Reading Council is calling on neighbouring authorities to lobby against its local university’s proposal to close its social work department, which it claims will exacerbate recruitment problems in the area.
The University of Reading’s management board recommended closing the school of health and social care by 2011 after concluding it was not financially viable in the long term. The university’s governing body, the council, will make a final decision on 20 March.
Reading Council’s chief executive, Michael Coughlin, has written to the university’s vice-chancellor, Professor Gordon Marshall, to express the authority’s “deep concern” at the plan.
A motion passed by Reading Council called on the university to recognise the school’s importance to the community in attracting new entrants to social work and providing post-qualifying training. The motion said it should work with Berkshire councils “to investigate ways of keeping the school operating for the benefit of local people”.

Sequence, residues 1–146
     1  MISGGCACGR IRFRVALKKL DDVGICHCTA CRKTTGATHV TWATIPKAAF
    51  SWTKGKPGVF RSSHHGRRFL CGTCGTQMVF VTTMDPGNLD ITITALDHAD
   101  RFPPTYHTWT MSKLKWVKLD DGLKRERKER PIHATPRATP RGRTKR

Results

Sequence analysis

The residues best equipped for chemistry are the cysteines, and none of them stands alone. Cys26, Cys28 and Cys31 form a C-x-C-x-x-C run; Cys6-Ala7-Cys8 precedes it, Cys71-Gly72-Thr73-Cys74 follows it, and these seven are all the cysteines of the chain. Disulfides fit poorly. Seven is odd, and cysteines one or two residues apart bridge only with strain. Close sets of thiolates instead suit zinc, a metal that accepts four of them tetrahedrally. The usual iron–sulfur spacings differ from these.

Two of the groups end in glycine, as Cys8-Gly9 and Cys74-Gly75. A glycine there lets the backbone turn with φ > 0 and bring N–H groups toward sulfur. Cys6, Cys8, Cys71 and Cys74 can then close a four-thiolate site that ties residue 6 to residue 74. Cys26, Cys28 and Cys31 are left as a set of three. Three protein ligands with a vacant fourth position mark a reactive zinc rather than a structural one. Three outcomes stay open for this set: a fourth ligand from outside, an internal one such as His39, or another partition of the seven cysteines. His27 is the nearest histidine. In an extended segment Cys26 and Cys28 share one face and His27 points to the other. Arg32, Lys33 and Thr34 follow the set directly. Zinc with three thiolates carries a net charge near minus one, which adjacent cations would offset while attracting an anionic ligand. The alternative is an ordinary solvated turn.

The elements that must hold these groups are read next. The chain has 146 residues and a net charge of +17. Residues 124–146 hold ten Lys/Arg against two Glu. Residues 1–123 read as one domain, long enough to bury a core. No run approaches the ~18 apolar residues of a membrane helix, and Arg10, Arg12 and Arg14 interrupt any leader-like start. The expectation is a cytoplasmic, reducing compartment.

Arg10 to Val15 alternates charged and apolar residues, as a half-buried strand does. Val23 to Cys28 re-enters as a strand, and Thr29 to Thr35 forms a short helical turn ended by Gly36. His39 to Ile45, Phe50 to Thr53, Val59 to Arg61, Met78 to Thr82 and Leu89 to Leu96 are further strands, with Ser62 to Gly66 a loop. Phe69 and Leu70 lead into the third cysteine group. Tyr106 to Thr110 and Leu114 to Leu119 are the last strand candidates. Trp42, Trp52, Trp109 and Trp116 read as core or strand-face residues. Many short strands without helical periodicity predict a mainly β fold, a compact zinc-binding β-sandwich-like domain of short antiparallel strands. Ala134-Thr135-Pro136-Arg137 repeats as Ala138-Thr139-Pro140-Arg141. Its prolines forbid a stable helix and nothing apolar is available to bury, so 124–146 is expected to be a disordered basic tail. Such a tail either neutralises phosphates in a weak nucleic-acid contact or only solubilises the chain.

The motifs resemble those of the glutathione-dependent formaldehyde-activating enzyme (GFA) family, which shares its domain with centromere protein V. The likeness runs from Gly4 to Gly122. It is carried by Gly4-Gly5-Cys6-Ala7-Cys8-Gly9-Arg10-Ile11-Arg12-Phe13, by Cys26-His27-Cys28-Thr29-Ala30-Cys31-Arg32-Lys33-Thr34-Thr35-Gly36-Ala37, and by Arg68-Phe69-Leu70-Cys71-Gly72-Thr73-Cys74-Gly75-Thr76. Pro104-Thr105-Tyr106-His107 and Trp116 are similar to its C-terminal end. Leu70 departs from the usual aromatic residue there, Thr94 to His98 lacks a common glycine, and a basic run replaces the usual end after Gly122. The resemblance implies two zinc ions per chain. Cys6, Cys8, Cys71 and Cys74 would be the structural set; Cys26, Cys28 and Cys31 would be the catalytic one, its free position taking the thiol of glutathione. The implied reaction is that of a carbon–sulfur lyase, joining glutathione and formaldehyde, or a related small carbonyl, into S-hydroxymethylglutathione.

Delay decision until Taskforce reports
Although the proposed closure would not take place until 2011, allowing existing students to finish courses, the council wants the decision to be delayed until after the Social Work Taskforce publishes its final report this autumn.
The government-appointed taskforce will recommend ways of improving the status and quality of social work in England, after examining all aspects of training and support.
Student demonstration planned
The proposal has already provoked angry protests from students, lecturers and practitioners, who accused the university of putting its own financial situation before the needs of the community.
Students are planning a demonstration outside a meeting of the university senate next week, where the future of the school of health and social care will be discussed. Protesters have also organised a public meeting in Reading Town Hall on 16 March.
Decision due later this month
The Joint University Council Social Work Education Committee, which represents colleges and universities providing social work training across the UK, is also opposed.
Vice chair of the committee, Professor Jonathan Parker, said: “It seems absurd, or at the very least unhelpful, to pursue closure at this time of this highly respected programme, that enjoys positive relations with local employers.”
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